Doctors and hospitals in rural areas say they have been ignored by a government plan to upgrade many hospitals in preparation for Covid-19.
Rural General Practice Network and Rural Hospital Network say they are disappointed the $100 million funding announced yesterday focuses on provincial hospitals, while 30 of 33 rural hospitals will miss out.
Rural Hospital Network chair Ray Anton told Morning Report the investment would be timely as Covid-19 spreads into communities beyond Auckland.
"Rural communities, hospitals haven't been upgraded to provide adequate facilities to handle [Covid-19] patients.
"What we're talking about is a situation where we need a place where we can screen patients who are arriving with symptoms, that we can isolate them while we are testing them to make sure they are either negative or positive, and then to have a good system for transporting them to urban centres."
They are anticipating Covid-19 cases to arrive at rural hospitals as domestic travel increases amid eased restrictions coinciding with the summer holidays.
"Thousands of people are flying into Queenstown Airport and they'll be spending time holidaying in Queenstown," Anton said.
"Lakes District Hospital in Queenstown is a DHB-owned hospital and upgrades in that hospital haven't been made to accommodate for this kind of situation," he said.
"They need an improved ventilation, they need an isolation room to be created. It's the same situation in Dunstan Hospital, Balclutha Hospital, Oamaru Hospital, all those facilities in Southern [DHB] haven't received investment in order to upgrade their facilities."
Anton said while there was no intention for rural hospitals to keep Covid-19 patients long term, they still required enough resources to be able to handle the potential cases until they leave or are transported.
"The clinicians are concerned that if patients are presenting and they're not able to isolate them properly, that they may need to be transported them more quickly, delays may occur in transporting patients into the urban centres."
Southern DHB rural manager Debi Lawry said the lack of access to transport was a significant problem.
"Despite extensive planning and striving to ensure we are building resilience, none of the six rural hospitals in the Southern region are prepared for Covid."
Anton described it as a situation of "post code lottery", and said we need to be able to look at a rural-proofing approach.
"If we are going to introduce improved quality of ventilation and isolation in hospitals because we've recognised that we've underinvested in these areas, we need to think not just of the urban centres but also the rural areas.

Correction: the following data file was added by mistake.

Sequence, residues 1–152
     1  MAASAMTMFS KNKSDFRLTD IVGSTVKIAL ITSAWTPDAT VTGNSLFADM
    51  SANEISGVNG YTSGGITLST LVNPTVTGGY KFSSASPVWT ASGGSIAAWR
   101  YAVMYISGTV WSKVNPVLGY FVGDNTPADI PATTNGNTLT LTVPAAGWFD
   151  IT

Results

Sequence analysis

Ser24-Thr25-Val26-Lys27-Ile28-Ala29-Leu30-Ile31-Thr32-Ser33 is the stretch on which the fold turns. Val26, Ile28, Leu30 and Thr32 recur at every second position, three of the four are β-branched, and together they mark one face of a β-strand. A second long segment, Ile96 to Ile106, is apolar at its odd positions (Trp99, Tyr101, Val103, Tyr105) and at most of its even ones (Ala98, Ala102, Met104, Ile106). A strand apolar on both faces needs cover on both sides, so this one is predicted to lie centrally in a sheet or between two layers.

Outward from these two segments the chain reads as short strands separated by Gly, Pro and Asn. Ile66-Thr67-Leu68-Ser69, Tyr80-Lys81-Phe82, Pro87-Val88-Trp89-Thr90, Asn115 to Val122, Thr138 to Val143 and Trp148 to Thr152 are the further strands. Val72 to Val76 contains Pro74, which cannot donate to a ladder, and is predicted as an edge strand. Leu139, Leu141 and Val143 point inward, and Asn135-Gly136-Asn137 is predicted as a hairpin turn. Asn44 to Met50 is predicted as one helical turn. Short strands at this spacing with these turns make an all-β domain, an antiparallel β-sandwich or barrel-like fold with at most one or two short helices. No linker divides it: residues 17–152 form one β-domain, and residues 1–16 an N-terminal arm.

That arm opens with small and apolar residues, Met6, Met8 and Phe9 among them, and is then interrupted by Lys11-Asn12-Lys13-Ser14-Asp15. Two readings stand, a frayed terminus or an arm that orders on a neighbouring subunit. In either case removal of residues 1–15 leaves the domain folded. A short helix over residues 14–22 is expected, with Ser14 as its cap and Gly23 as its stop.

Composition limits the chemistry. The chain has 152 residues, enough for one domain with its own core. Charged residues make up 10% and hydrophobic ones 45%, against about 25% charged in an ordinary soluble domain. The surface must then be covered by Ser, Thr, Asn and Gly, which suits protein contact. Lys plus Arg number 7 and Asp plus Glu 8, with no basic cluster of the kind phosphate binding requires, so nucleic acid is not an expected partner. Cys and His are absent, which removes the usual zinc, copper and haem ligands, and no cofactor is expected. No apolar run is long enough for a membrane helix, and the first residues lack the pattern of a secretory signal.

"But that is variable. In other parts of the country, we have seen investments being made in rural facilities, so it's kind of depending on where you are, and we would like to see a more consistent approach."
Rural General Practice Network chief executive Grant Davidson said it "ignores basic human behaviour" to think that Covid-19 patients would only turn up at urban hospitals.
"We know that when people get sick or injured, they show up at the nearest facility they can find and quite reasonably, expect to be cared for there."
University of Otago rural health associate professor Gary Nixon was also disappointed by yesterday's funding announcement.
"I think rural health services in rural hospitals were largely, not totally, but largely left out."
Nixon, who also works as rural doctor in Central Otago, said rural health care services were not prepared for what summer could bring.
"Summer really stretches a lot of our local health services, most of us are really only resourced to manage with our relatively small resident populations."
He said potential Covid-19 cases would need to be separated from other patients, but rural areas only had small facilities which were not really designed or geared to do that.
"Everything's gonna be so much more complicated and difficult this summer."
Nixon said these issues highlight the need for a consistent and national approach to rural health, something he hoped the government's health reforms would achieve.
In a statement, Minister of Health Andrew Little said "I asked District Health Boards to come up with projects that could be put in place quickly and that would improve our capacity to treat people with Covid-19 or protect other patients against becoming infected.
"Not every hospital is expected to care for Covid patients who need hospital-level care. The smaller the hospital, the higher the risk to non-Covid patients, which is why our Care in the Community programme is based on hospitals organising as regions and sending patients to the hospital best equipped to safely provide the care they need.
"Nevertheless, most of the rural hospital projects put forward for the $644 million Regional Hospitals Improvement Programme were approved. The fact that a project doesn't get money from this funding round doesn't mean it won't be funded in future, by district health boards themselves or through the government's capital funding programme.
"Any rural hospital worried about its ability to safely care for patients should be urgently contacting its DHB."